Fantastic beasts and a fantastic future
The first half of the Book of Daniel contains the action; the second recounts some of the dreams and visions Daniel has had over his lifetime. These dreams and visions are apocalytic. Apocalyptic literature is a genre of religious writing centred on visions of the end of time. Most often describing or prophesying the complete destruction of the world. Well, the world as we know it, anyway.
Daniel has a vision of four fantastic beasts emerging out of a churning sea. The first is a lion with wings that walks like a human and has a human heart. The second is a bear with three ribs in its mouth. The third a leopard with wings and four heads and the fourth a nightmare creature with iron teeth and ten horns. These represent the ruling kingdoms on the earth at that time and in the future – Babylon, the Medes and the Persians, the Greeks and Rome.
The good news is that this is not the end of the vision. Or of the story.
As I looked,
“thrones were set in place,
and the Ancient of Days took his seat.
His clothing was as white as snow;
the hair of his head was white like wool.
His throne was flaming with fire,
and its wheels were all ablaze.” Daniel 7:9
God takes his throne. God strips the beasts of their authority and slays the fourth, most powerful and vicious beast.
And there is more.
In my vision at night I looked, and there before me was one like a son of man, coming with the clouds of heaven. He approached the Ancient of Days and was led into his presence. He was given authority, glory and sovereign power; all nations and peoples of every language worshipped him. His dominion is an everlasting dominion that will not pass away, and his kingdom is one that will never be destroyed. Daniel 7:13-14
For Christians, this is Jesus. Jesus later describes himself as the son of man, just as Daniel describes him.
The devouring beasts are never the end of the story. Whatever reality Daniel and his fellow Jews are living in in exile, God will overcome and God will take his rightful place. This is the hope that keeps Daniel going, that makes his faith so resilient. Not a flimsy hope of what may be, but a sure, strong hope of what is to come.
‘The four great beasts are four kings that will rise from the earth. But the holy people of the Most High will receive the kingdom and will possess it forever—yes, for ever and ever.’ Daniel 7:17-18
For Daniel, his vision for the future shaped how he lived his today. His current exile is part of a far bigger picture, a picture in which God has the final victory. The reality of his people may have shrunk to become a powerless people in exile, but his sure hope of God’s promised future expands his vision.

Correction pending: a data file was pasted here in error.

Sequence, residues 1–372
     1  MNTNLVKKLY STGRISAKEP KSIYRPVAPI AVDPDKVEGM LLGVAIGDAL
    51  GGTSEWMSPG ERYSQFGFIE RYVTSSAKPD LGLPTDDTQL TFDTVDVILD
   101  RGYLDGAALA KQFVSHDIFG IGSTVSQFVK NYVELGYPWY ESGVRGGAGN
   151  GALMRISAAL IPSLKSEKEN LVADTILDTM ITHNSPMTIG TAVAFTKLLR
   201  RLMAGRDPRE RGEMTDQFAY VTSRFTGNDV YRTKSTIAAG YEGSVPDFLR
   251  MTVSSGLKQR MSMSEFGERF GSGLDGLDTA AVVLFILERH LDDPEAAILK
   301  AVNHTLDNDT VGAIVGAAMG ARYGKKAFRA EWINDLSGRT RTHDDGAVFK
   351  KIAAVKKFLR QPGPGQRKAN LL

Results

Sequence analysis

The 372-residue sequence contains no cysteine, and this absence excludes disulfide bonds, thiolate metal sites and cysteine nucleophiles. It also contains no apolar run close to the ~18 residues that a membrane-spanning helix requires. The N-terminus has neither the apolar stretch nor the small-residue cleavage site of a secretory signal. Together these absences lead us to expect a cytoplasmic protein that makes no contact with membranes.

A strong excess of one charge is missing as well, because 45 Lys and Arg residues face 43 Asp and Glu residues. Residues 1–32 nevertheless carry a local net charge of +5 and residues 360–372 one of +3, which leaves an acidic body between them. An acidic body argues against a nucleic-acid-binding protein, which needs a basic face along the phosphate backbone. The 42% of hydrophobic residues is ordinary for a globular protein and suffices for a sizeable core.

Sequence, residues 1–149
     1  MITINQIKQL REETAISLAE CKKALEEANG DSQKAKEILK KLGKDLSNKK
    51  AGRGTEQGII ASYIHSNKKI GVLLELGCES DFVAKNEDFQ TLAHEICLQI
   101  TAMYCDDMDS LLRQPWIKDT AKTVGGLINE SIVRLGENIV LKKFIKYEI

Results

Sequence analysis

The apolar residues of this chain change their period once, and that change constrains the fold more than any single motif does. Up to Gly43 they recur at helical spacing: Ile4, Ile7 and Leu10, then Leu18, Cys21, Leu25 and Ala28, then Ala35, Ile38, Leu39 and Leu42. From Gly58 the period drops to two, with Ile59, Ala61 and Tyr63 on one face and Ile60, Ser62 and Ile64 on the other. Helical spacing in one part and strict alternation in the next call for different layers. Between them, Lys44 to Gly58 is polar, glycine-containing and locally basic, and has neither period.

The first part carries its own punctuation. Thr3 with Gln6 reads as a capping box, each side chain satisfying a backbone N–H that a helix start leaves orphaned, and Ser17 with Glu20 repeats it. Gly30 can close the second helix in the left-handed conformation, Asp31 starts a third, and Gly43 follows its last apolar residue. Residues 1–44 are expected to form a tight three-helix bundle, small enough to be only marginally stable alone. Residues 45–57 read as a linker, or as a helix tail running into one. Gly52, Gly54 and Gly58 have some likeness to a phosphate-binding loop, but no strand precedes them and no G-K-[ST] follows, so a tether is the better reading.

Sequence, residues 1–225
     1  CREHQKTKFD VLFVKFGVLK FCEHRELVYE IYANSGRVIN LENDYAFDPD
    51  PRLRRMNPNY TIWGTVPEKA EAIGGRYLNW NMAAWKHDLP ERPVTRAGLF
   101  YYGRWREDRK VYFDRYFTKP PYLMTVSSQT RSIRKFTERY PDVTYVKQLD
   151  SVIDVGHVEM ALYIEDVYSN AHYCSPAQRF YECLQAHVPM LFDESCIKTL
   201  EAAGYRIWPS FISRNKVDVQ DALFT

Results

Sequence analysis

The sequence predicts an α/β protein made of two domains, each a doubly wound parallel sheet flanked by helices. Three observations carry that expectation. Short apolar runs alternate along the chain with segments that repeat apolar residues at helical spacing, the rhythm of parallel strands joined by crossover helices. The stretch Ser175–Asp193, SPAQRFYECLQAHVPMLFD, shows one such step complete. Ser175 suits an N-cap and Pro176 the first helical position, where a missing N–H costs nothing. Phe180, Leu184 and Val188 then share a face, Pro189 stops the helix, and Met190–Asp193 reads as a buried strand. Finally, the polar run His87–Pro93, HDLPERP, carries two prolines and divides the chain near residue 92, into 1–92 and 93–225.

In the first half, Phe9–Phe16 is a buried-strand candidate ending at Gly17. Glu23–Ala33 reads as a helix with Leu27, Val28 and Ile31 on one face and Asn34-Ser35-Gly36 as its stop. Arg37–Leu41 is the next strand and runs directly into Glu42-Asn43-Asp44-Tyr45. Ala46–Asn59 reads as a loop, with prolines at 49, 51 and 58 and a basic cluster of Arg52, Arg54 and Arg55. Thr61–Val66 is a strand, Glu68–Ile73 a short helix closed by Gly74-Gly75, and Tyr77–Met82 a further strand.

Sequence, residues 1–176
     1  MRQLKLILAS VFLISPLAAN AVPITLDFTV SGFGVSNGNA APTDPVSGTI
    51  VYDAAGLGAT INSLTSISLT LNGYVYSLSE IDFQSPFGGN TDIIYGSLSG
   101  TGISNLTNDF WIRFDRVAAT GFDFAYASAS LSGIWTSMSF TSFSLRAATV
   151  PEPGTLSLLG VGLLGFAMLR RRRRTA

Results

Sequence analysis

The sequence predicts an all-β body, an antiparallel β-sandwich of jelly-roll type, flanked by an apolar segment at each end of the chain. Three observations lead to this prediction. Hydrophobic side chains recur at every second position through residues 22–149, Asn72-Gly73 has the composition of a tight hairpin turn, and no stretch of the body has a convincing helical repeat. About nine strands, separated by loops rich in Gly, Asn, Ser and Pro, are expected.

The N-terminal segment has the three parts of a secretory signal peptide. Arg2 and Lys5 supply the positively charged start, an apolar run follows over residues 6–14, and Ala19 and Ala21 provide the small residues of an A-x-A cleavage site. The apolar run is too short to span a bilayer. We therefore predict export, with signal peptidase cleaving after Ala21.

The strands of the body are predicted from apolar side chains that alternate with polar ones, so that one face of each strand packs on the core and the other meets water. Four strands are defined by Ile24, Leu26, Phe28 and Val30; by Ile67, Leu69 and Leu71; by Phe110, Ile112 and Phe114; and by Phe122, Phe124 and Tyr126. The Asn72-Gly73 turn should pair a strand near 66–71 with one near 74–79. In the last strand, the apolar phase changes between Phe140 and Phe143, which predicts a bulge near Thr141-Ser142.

The same is true for us. The way we see the future will affect our present. Our faith is about so much more than the here and now. It’s about God’s bigger picture, this trajectory towards God’s victory and reign over the whole earth. Whatever is going on now in our lives is just for a season. It will not last forever. It is Jesus’ kingdom that will never be destroyed. Jesus’ everlasting kingdom that we pray about in the Lord’s Prayer – ‘Your kingdom come on earth as in heaven’. In this way, the future kingdom breaks through into the here and now, giving us glimpses of what is to come – and we can look for it, recognise it for what it is, celebrate it, help others to see it and know it.
The future, even though it hasn’t happened yet, can impact the present in a very real way.
I know that God has set in motion the forces of liberation; that he has released resurrection into the created order, to run with its muddy boots allover death’s plans for us; that he will bring to fruition every good work of redemption that he has begun. So I am able to live in patience and hope, accepting the ‘not yet’ of the kingdom as fully as I accept the ‘now’. Page 185, Stretch
A bit of a tangent, I know, but I went to see ‘Fantastic Beasts and Where to Find Them’ last night. It’s the story on one level of a ‘nomag’ factory worker (with no magic) with dreams of becoming a baker being drawn into the magical world of wizards and their fantastic beasts. When his memory is obliterated at the end of the film, he gets to become a baker and the breads and cakes he designs are all based on the magical creatures he saw. When asked where he gets his inspiration from, Kowalski looks puzzled and has to admit he doesn’t know. What he has seen and experienced has affected him on a deeper level, given him a glimpse of something far beyond his present reality and affected his present reality without him understanding how or why.
What we know of our future with God, even if we don’t fully understand it, affects our here and now. We can live out our exile now, whatever that looks like for us, knowing that our future is secure in Christ.